The use of text-based responses to improve our understanding and prediction of suicide risk

sLDA model with regression coefficients and 95% confidence intervals. Note that inference is not with respect to 0, but to -0.46 as there is no intercept in the model.


Objective: Text-based responses may provide significant contributions to suicide risk prediction, yet research including text data is limited. This may be due to a lack of exposure and familiarity with statistical analyses for this data structure. Method: The current study provides an overview of data processing and statistical algorithms for text data, guided by an empirical example of 947 online participants who completed both open-ended items and traditional self-report measures. We give an introduction to a number of text-based statistical approaches, including dictionary-based methods, topic modeling, word embeddings, and deep learning. Results: We analyze responses from the open-ended question “How do you feel today?”, detailing characteristics of the responses, as well as predicting past-year suicidal ideation. Conclusions: We see the analysis of text from social media, open-ended questions, and other text sources (i.e., medical records) as an important form of complementary assessment to traditional scales, shedding insight on what we are missing in our current set of questionnaires, which may ultimately serve to improve both our understanding and prediction of suicide.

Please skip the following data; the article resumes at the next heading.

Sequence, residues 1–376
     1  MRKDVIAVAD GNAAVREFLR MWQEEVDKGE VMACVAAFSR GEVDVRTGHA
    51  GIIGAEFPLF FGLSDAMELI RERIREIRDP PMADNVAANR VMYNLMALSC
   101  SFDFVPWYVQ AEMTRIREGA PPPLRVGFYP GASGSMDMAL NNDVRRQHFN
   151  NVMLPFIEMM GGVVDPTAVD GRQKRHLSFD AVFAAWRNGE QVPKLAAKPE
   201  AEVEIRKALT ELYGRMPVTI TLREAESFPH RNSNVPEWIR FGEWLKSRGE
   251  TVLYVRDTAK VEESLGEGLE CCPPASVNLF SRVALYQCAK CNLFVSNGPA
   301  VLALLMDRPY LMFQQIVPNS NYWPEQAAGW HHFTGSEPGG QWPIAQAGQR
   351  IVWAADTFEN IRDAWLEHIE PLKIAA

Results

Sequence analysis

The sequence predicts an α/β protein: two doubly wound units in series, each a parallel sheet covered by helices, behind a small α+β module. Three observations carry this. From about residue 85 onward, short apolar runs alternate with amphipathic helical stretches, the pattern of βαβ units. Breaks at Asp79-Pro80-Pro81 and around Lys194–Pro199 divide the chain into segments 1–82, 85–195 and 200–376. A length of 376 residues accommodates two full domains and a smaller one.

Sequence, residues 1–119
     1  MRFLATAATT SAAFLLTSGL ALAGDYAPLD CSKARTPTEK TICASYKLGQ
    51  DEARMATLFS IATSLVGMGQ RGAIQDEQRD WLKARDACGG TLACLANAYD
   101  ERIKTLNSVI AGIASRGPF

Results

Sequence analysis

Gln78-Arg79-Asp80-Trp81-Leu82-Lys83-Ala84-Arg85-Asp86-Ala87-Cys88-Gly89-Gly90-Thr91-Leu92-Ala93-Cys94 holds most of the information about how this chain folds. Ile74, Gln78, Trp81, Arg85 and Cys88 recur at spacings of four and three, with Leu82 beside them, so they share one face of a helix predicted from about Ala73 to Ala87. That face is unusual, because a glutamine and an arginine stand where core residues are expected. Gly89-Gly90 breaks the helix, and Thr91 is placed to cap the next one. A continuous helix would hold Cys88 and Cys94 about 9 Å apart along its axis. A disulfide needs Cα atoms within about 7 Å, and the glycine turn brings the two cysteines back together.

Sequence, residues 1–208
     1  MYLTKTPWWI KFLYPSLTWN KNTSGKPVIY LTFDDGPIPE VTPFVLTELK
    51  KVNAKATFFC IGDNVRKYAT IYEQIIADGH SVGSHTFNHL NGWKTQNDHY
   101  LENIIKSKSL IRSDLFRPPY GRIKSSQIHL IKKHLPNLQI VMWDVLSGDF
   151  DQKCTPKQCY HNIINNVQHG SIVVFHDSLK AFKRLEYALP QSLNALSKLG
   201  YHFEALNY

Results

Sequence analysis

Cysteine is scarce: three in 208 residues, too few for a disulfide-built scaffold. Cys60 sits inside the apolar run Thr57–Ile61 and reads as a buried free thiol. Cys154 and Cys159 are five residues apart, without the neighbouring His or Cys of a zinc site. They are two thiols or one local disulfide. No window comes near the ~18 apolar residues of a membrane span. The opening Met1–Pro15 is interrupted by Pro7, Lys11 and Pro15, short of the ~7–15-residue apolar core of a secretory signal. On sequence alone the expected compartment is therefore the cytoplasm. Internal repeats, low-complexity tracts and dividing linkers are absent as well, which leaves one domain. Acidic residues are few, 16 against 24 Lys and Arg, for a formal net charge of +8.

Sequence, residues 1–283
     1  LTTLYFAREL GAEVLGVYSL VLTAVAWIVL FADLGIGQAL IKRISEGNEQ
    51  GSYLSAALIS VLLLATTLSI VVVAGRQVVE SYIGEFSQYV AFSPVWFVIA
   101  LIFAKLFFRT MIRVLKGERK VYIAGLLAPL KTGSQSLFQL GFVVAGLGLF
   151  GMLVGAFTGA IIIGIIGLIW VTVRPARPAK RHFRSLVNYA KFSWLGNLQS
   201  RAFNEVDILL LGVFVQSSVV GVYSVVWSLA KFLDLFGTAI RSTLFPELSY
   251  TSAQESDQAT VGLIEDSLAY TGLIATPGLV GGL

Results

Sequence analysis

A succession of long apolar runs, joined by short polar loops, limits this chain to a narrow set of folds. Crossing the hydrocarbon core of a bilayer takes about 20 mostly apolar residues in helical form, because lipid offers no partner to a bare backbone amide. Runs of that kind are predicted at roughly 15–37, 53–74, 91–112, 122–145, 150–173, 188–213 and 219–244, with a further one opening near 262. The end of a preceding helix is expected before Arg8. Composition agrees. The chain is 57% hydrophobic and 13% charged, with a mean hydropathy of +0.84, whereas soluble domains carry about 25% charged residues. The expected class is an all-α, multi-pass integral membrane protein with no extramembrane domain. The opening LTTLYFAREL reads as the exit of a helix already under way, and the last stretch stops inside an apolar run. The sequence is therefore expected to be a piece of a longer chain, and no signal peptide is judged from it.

Suicide and Life-Threatening Behavior
Kenneth Tyler Wilcox
Kenneth Tyler Wilcox
Postdoctoral Associate

My research interests include Bayesian statistics, multilevel modeling, integrative data analysis, meta-analysis, topic modeling, mixture modeling, statistical programming, and cognition and clinical psychology.